What does a 4+1D wave look like at the light cone?

For ease of reference in this post equations are numbered as in ref. 1.

The equation $(36)$ cited in the OP reads


Here $\delta$ is the Dirac delta, and $\eta$ is the Heaviside step function.

By itself, this expression doesn't really help understand what's going on: the Dirac delta in the first term is multiplied by a function that is singular at the delta's distributional singularity, and the second term isn't integrable. So, even if there is some way to evaluate this Green's function as a distribution like $\langle G_4,h\rangle$ for a smooth test function $h$, I suppose the expression would have to be transformed somehow.

Let's go another way. Namely, start from how equation $(36)$ was derived. The authors in ref. 1 derived it by integrating the Green's function for (5+1)-dimensional wave equation,


where $\tau=t-r/c$, along the line of uniformly distributed sources in 5-dimensional space, using the integral

$$G_{n-1}(r,t)=2\int_r^\infty s(s^2-r^2)^{-1/2}G_n(s,t)ds,\tag{25}$$

where $r=r_{n-1}$ is the radial coordinate in $(n-1)$-dimensional space.

Remember that a Green's function for a wave equation is the impulse response of the equation, i.e. the wave that appears after the action of the unit impulse of infinitesimal size and duration, $f(r,t)=\delta(r)\delta(t)$. For visualization purposes it's useful to replace this impulse with one that is finite at least in one variable, e.g. time. So let's choose another force function $f(r,t)=\delta(r)F(t)$, where $F$ is defined as the Gaussian function


Then, following equation $(34)$, we'll have the displacement response of the (5+1)-dimensional equation given by


Now, to find the displacement response $\phi_4(r,t)$ of the (4+1)-dimensional equation, we can use $\phi_5$ instead of $G_5$ in $(25)$. The resulting integral doesn't seem to have a closed form, so the following animations of $\phi_4(r,t)$ were done using numeric quadrature.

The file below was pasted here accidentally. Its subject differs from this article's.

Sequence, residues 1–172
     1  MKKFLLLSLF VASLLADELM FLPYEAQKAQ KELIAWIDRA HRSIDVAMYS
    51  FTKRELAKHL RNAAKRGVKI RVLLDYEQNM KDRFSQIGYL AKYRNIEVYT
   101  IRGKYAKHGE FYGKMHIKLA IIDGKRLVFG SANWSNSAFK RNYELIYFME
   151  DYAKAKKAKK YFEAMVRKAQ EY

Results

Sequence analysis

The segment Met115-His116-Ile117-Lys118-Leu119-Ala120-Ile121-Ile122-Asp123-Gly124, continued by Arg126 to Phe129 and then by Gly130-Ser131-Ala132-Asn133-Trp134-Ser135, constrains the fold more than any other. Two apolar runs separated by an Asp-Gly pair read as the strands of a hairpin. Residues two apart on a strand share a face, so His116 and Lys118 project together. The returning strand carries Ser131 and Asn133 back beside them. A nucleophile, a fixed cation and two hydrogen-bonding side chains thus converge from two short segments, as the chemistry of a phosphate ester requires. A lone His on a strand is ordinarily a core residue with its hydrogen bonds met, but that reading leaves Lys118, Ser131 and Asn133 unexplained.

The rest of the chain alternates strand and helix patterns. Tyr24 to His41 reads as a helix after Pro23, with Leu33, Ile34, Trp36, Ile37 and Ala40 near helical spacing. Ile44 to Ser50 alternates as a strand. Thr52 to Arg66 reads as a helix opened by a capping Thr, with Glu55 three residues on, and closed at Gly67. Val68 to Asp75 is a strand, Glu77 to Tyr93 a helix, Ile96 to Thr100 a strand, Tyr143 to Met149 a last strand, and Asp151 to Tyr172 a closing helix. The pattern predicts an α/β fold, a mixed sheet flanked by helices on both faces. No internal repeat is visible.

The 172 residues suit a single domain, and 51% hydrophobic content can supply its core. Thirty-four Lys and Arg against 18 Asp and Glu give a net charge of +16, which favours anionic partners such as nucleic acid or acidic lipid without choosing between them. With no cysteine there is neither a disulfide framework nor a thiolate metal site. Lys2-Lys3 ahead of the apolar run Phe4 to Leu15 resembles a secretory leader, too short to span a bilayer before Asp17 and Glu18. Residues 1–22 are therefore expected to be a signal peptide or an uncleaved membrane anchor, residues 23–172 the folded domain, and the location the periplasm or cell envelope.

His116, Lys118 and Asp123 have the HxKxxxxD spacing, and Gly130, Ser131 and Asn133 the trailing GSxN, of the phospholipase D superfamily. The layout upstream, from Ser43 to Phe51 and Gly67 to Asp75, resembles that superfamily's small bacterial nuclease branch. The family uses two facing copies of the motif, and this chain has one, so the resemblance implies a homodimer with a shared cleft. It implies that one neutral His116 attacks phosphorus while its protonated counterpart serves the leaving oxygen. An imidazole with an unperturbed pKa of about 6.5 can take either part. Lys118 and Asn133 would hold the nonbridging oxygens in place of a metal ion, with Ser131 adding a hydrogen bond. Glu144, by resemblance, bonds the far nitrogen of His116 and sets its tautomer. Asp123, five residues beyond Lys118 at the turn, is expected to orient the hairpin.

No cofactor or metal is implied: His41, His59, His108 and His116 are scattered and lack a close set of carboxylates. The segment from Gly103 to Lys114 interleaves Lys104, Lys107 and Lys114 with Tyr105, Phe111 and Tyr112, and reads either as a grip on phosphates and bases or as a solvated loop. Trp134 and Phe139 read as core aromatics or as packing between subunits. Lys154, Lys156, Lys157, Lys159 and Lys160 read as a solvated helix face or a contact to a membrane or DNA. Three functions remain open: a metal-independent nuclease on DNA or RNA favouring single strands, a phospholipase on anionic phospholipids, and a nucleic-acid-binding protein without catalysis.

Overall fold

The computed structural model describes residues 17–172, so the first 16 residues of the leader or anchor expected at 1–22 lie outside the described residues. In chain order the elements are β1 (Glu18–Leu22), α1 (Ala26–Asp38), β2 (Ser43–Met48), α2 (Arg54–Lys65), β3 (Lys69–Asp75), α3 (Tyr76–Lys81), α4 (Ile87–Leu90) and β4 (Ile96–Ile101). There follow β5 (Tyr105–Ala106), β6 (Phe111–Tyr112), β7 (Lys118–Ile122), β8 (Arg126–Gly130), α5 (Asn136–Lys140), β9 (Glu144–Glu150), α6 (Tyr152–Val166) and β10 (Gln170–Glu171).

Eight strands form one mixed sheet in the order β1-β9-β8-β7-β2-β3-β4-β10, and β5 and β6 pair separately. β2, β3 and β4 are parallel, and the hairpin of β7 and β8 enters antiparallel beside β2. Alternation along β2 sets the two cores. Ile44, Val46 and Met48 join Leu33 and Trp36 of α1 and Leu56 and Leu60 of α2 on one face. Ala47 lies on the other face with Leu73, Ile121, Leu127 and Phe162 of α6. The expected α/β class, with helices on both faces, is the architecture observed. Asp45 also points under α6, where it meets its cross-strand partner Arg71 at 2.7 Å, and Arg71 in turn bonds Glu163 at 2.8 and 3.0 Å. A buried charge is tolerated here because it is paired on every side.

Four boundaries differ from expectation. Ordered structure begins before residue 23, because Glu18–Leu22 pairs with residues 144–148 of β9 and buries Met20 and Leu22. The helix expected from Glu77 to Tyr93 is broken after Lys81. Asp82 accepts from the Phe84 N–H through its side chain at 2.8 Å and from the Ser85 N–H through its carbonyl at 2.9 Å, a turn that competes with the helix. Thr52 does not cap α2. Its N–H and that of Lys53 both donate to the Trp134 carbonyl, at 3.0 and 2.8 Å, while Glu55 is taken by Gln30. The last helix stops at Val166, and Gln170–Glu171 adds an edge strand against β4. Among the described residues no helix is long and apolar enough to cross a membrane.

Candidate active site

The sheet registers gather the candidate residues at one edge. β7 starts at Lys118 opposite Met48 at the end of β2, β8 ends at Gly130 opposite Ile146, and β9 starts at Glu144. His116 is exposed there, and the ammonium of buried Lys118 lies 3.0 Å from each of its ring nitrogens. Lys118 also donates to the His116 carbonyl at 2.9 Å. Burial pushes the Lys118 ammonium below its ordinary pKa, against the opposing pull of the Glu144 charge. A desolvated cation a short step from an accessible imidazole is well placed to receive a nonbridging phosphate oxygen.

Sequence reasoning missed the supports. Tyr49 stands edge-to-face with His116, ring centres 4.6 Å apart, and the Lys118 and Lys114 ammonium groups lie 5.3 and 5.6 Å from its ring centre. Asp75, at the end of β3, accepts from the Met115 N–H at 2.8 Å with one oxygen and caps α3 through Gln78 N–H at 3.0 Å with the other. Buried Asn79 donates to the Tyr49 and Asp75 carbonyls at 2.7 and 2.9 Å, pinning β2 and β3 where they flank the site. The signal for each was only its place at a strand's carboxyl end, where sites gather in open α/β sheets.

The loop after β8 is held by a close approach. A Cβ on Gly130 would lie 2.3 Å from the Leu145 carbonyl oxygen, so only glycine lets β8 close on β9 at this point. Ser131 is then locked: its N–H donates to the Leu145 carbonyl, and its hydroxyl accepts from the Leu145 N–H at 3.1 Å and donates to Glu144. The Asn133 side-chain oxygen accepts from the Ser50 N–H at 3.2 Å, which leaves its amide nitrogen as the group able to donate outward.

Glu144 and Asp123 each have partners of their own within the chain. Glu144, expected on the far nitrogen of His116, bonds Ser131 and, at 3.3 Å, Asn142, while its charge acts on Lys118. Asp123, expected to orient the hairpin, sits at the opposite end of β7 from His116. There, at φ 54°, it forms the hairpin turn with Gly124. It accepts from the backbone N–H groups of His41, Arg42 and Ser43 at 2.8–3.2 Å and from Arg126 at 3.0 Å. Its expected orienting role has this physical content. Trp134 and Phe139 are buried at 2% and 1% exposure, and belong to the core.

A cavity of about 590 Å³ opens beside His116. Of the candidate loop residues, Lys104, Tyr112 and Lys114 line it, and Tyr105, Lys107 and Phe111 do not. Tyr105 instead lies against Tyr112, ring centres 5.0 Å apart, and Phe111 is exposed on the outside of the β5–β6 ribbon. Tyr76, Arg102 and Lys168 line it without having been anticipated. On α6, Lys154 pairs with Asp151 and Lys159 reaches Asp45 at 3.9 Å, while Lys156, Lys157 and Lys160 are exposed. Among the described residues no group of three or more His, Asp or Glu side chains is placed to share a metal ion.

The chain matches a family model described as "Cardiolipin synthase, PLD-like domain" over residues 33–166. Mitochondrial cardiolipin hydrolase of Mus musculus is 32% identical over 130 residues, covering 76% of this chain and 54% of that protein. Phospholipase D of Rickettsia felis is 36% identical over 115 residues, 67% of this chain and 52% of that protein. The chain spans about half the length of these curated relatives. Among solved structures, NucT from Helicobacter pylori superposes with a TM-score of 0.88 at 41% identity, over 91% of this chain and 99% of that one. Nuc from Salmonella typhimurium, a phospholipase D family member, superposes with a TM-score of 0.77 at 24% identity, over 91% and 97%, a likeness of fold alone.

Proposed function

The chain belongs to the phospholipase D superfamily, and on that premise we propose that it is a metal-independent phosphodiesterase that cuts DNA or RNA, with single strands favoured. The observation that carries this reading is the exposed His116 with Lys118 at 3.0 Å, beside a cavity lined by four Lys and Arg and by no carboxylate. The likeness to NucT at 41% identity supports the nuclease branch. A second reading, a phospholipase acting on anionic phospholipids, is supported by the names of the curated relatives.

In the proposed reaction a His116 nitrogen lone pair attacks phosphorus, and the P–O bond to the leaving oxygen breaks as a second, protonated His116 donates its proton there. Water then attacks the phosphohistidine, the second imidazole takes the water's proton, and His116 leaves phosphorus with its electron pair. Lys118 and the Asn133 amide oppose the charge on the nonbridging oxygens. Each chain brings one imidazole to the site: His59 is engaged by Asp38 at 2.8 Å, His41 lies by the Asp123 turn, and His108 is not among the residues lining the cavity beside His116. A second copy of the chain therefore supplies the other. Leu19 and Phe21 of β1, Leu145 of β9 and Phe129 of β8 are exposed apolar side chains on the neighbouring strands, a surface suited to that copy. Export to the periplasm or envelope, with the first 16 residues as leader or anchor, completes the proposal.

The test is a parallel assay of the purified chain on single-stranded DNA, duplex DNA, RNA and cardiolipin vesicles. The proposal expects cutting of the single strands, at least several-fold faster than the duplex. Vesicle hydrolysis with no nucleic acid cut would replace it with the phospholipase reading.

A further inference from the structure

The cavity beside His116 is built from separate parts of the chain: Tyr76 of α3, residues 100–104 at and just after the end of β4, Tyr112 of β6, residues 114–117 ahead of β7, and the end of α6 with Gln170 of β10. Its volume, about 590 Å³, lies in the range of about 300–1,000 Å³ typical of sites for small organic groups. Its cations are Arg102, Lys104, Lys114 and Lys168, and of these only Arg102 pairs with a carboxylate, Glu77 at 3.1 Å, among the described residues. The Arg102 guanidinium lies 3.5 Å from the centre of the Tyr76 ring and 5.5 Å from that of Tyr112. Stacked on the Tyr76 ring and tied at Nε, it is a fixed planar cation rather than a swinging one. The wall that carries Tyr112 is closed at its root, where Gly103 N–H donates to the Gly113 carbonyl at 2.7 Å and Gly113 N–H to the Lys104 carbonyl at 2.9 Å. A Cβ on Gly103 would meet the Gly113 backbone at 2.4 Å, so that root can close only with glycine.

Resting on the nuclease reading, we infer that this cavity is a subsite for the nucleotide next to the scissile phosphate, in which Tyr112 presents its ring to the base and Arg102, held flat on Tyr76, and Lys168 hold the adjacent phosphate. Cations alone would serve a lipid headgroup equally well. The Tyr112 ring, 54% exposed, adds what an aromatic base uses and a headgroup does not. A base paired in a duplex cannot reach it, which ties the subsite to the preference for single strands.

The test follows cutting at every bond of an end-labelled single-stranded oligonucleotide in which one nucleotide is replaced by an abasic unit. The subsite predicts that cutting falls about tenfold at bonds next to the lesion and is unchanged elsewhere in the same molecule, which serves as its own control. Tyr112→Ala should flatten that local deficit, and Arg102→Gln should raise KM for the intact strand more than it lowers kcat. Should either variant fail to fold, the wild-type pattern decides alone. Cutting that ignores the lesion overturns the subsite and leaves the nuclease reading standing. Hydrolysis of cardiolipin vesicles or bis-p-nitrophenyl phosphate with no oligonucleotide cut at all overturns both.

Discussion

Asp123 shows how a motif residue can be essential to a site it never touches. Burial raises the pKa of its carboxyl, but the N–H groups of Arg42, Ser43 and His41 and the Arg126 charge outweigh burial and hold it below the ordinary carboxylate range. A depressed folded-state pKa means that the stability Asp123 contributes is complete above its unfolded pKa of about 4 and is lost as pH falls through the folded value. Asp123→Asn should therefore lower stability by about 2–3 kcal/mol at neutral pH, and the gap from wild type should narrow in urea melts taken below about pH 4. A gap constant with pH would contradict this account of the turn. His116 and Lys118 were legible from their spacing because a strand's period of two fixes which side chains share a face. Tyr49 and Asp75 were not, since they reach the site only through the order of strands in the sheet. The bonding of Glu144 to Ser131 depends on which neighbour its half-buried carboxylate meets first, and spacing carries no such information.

In the animations below we use $c=1$.

Let's first see how the $\phi_5(r,t)$ looks. This will enable us to compare it with $\phi_4(r,t)$. The following animation uses $\sigma=0.005.$

phi_5(r,t) with sigma=0.005

We can see that it basically has two spikes: one positive and one negative. Let's increase $\sigma$ to $\sigma=0.04$ to resolve them better:

phi_5(r,t) with sigma=0.04

Now we can finally look at $\phi_4(r,t)$. The following animation uses $\sigma=0.005$, as the first one above.

phi_4(r,t) with sigma=0.005

Notice the difference of this wave from the $\phi_5(r,t)$: the former has a "tail" inside the light cone, i.e. on the LHS of the positive spike here. This tail corresponds (in the limit $\sigma\to0$) to the second, negative, term in the equation $(36)$, while the positive spike corresponds to the first term with the Dirac delta.

So, the answer to

What does it mean that the Green’s function for the 4+1D wave equation has an opposite sign delta-function exactly on the light cone?

is exactly that: there is a negative wake inside the light cone and the opposite sign, i.e. positive, Dirac delta, i.e. infinitely high and narrow spike, on the light cone.


1: H. Soodak, M. S. Tiersten, Wakes and waves in N dimensions, Am. J. Phys. 61, 395 (1993)